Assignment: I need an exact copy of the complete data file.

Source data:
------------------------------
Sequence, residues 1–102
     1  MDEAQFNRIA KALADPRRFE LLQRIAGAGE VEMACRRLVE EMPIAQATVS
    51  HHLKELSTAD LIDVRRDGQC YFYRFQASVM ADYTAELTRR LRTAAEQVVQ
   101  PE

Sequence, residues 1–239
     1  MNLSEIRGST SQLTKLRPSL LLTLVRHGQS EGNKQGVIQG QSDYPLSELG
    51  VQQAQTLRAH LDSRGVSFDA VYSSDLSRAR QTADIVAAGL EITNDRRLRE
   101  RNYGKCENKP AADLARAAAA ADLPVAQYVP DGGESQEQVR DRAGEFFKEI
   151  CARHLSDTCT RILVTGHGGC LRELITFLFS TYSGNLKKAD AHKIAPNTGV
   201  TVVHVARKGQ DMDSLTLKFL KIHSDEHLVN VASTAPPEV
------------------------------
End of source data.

Sequence, residues 1–102
     1  MDEAQFNRIA KALADPRRFE LLQRIAGAGE VEMACRRLVE EMPIAQATVS
    51  HHLKELSTAD LIDVRRDGQC YFYRFQASVM ADYTAELTRR LRTAAEQVVQ
   101  PE

Sequence, residues 1–239
     1  MNLSEIRGST SQLTKLRPSL LLTLVRHGQS EGNKQGVIQG QSDYPLSELG
    51  VQQAQTLRAH LDSRGVSFDA VYSSDLSRAR QTADIVAAGL EITNDRRLRE
   101  RNYGKCENKP AADLARAAAA ADLPVAQYVP DGGESQEQVR DRAGEFFKEI
   151  CARHLSDTCT RILVTGHGGC LRELITFLFS TYSGNLKKAD AHKIAPNTGV
   201  TVVHVARKGQ DMDSLTLKFL KIHSDEHLVN VASTAPPEV